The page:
6. The language that will stick with us. The Kavanaugh hearings were emotional for many. We heard from Christine Blasey Ford about her vivid memories of the night in question. We heard from Kavanaugh about his love for beer. We heard from Spartacus, er, Cory Booker. We heard Lindsay Graham tell Kavanaugh “You’ve got nothing to apologize for.” The one language moment that is stuck in our brains is Ford’s gut-wrenching account of a traumatic experience. Her portrayal of the event has left a lasting picture in all of our minds—and shows the power of language to tell a story, as hard is it may be to share.
7. The language that could change the course of history. 2018 was the year of the word “indictment.” The list of indictments related to the Mueller probe is long – Papadopoulos, Manafort, Rick Gates, Mike Flynn, Richard Panedo, Michael Cohen, and more. Many asked if the President himself would be indicted. This term was once reserved for episodes of Law & Order, but now most Americans now have a strong opinion on both what the term means.
8. The language that inspired us. This year had several inspiring moments where people found their voices in the wake of tragedy and injustice. Some moments include Emma Gonzalez’ six minutes of silence at the March for Our Lives rally, Serena Williams’ US Open argument that her experience wouldn’t have happened to a man and the Pope apologizing in Dublin.
It’s hard to pick just one. People around the world are taking a stand for what they believe in and using raw, poignant language to do so. On January 1st, one movement took hold: Time’s Up. The moniker of a legal defense fund to help people take a stand against sexual harassment and misconduct, the phrase has been repeated from Hollywood awards shows to main street and will no doubt have a lasting impact on how women will be treated for generations to come.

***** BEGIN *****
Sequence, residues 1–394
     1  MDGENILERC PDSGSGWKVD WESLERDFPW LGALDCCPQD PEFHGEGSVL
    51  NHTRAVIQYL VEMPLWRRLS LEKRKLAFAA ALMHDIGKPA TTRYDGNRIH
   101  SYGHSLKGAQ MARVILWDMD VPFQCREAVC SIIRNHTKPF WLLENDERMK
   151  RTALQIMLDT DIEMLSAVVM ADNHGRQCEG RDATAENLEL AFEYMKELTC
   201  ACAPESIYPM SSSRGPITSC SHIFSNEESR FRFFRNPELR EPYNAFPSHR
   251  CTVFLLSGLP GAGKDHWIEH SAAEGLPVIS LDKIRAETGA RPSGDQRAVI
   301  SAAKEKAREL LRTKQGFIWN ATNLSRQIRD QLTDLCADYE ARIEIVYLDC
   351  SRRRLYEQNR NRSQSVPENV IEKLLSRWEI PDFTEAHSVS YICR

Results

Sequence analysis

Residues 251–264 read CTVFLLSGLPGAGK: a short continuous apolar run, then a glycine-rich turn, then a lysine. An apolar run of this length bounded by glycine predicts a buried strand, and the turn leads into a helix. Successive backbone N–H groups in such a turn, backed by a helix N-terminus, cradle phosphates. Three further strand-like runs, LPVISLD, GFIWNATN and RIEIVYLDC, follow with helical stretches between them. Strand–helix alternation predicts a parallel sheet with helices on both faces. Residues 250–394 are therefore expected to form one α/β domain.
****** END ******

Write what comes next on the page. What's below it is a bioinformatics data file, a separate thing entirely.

9. The language that took a risk. Dick’s sporting goods took a stand on guns. Patagonia donated their tax cut to fight climate change. Toms entered the gun control conversation. Walmart, Lyft and Uber worked to increase voter turnout. This was a year where companies took big risks by taking political stands.
Nike’s campaign used some of the most powerful language of the year. While it was polarizing, it was symbolic of a trend you can expect to see on the rise: brands taking a bold and loud stand on cultural hot topics.
10. The language that allowed us to come together.
2018 was a year marked by division and controversy, however there were few moments that brought us together. There were some rallying cries in acceptance speeches after the midterms and beautiful and heartbreaking eulogies by President Bush, Vice President Biden and more that reminded us of a time when we could respectfully disagree.
One moment stood out in particular:
What were your top language moments of the year, PR Daily readers?
Michael Maslansky is the CEO of maslansky + partners. He can be reached at firstname.lastname@example.org.